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The Ernest Opinion: Why Philadelphians don't vote

Democrats and Republicans share blame for city residents' apathy toward local races.
On average, only a third of Philadelphians vote in local elections.Getty Images

I’ve finally begun to understand why Philadelphianscould care less about voting except in national elections. It’s not that they’re not registered or too lazy to get to the polls – it’s just that the current local political system makes democracy appear meaningless.

My boyfriend currently runs voter registrationengagement and outreach for a political campaign he’s working on around West Philly. Sometimes I go to community events with him and see his co-workers make the case for why folks should register to vote. More often than not, a great number of themare already signed up, but haven’t moved the needle by actually voting.

The voter turnout in this city is tragic. Themajority of the city is registered to vote, but roughly a third of Philadelphians vote during local elections on average. Of course the number goes up significantly during national electionyears – as I presume it will this year – but after that, things goback to being sour.

Part of the reason why no cares about a local Philadelphiarace is because the city is currently dominated by a Democratic political machine that normally declares the winner the moment they back a candidate.

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“These Democrats in Philly ain’t any better than the Republicans they try to bash all the time,” saidCharlene, 54, a long-time West Philly resident. “If I could, I would vote for an independent or someone not connected to these big-shots.”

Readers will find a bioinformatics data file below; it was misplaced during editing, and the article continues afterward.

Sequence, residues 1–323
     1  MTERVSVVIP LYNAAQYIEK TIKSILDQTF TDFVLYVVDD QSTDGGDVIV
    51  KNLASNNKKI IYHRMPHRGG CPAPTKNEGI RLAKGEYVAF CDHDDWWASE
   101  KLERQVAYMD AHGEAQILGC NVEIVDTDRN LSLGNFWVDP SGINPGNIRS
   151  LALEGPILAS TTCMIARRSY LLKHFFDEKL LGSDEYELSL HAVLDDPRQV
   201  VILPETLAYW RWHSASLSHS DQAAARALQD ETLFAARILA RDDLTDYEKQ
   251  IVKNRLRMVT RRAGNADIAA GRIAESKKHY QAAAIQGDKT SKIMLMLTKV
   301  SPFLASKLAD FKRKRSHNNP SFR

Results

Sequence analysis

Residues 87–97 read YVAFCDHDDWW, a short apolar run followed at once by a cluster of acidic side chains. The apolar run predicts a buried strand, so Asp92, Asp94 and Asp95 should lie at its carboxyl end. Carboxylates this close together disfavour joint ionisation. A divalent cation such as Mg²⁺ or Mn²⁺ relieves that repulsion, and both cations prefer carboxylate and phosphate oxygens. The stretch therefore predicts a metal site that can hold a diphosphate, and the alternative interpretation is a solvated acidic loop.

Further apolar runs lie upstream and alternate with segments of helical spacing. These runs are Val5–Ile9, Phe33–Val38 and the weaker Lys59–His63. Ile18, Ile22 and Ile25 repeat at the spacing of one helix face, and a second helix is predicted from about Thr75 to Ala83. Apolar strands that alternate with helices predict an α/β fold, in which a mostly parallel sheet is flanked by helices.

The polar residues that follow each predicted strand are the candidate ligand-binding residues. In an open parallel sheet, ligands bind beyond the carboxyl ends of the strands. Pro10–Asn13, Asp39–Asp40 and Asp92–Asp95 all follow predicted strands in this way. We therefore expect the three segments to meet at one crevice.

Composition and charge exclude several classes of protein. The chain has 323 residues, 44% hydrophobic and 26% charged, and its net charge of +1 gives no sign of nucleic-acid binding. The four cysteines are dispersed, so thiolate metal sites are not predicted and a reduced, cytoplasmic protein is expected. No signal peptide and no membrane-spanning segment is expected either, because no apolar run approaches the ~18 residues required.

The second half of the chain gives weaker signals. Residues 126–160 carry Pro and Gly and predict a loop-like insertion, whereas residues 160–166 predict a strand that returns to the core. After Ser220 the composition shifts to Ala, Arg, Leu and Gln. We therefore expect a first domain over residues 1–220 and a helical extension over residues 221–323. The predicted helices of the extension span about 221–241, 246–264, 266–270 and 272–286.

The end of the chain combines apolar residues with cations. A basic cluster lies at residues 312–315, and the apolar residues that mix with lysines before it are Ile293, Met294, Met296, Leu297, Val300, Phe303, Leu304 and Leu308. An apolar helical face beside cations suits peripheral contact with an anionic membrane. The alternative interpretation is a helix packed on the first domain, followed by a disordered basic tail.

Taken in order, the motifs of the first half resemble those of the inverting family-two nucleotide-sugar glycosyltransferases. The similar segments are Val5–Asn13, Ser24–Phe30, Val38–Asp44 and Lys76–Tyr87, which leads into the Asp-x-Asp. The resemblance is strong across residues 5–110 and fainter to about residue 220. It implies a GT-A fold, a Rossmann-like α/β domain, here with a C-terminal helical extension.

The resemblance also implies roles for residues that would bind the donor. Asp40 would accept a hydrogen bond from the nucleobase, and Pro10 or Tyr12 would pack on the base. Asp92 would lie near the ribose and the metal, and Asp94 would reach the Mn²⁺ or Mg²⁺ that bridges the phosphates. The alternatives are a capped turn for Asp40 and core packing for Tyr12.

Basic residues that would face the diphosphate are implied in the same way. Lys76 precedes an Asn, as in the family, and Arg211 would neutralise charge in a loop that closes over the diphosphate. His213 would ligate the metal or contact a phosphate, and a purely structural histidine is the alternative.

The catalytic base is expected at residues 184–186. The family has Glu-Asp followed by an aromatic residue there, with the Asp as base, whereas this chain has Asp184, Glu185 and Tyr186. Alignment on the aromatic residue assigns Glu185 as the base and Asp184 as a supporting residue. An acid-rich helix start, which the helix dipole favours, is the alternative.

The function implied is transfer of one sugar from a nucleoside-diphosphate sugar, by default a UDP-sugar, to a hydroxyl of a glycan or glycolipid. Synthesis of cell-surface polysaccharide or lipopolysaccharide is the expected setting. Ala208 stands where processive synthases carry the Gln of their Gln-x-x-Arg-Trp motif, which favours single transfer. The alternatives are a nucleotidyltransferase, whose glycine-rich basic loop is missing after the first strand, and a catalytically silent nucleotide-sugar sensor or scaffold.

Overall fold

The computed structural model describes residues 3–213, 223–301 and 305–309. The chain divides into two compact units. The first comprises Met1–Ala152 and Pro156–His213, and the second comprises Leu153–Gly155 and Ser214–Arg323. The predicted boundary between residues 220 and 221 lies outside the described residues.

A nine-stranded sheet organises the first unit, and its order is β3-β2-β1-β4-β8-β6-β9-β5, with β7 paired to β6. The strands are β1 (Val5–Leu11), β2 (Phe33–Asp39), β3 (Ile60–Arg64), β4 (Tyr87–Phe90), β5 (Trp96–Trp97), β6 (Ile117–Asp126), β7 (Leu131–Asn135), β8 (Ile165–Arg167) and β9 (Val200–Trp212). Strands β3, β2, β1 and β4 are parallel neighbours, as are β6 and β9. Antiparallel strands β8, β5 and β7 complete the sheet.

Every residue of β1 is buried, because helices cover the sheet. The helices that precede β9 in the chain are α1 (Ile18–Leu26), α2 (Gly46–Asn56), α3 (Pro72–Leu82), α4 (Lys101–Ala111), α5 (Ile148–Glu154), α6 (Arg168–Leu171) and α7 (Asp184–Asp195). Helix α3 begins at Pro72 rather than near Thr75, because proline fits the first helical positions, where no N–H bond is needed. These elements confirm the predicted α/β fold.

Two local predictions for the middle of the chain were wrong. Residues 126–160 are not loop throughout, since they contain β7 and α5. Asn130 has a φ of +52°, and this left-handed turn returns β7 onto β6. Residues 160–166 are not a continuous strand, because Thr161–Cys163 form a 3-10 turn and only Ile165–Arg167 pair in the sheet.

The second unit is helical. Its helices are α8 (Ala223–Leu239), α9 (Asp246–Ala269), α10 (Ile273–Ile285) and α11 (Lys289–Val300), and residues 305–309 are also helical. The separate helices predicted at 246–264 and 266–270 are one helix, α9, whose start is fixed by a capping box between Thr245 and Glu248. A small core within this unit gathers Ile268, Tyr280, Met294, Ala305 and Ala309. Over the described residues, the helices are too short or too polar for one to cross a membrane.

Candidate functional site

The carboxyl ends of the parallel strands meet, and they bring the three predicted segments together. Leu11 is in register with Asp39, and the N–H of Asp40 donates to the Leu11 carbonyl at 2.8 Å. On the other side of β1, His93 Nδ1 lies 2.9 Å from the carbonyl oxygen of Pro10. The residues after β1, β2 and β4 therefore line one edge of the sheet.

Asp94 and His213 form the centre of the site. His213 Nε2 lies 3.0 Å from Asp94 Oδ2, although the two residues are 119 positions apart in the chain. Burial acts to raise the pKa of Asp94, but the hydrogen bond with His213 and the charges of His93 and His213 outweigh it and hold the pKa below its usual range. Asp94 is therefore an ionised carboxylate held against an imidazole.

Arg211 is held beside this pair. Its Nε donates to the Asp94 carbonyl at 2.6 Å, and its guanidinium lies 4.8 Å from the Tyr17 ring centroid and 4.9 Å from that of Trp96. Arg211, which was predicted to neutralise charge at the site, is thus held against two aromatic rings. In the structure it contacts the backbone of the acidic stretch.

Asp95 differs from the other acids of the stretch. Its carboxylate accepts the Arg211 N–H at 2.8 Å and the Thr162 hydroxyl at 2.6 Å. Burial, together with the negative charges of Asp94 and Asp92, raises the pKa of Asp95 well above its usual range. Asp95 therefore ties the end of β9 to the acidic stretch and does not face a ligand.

Last year’s major City Hall election saw independent candidate Andrew Stober run for an open City Council-at-large seat. Based on his growing visibility during the race and grassroots campaign effort,you would’ve thought he had a chance. Nope. Once again, Philadelphia remained Democratic, with many of theparty backed candidates staying put in office.

Beyond single-partydomination, even when votes are cast the outcome can be manipulated.The April vote on amending the stateConstitution to change the mandatory retirement age for judges from 70 to 75 has now been declarednull and void by the Republican-ruled state Legislature, which decided that the proposals wording confused voters.

Excuse me, but I knew what I voted for – and the majority agreed that we didn’t want to extend the age for lawyers to sit on the bench.

But this is what happens when votes don’t go the way those in power want them to.State Republicans wanted the age extension to keep Supreme Court Chief Justice Thomas Saylor, who turns 70 at year’s end, as one of the two conservatives on the seven-member court.

After losing the election,Republicans now want a do-over in November.Republicans and their re-votes,it never gets old.

Times like these can be discouraging for voters but I encourage everyone tonot relinquish their vote. Instead, callfor more transparency that combats potentially suppressive methods.Don’t boo, vote – and hold the pols more accountable.

 
 
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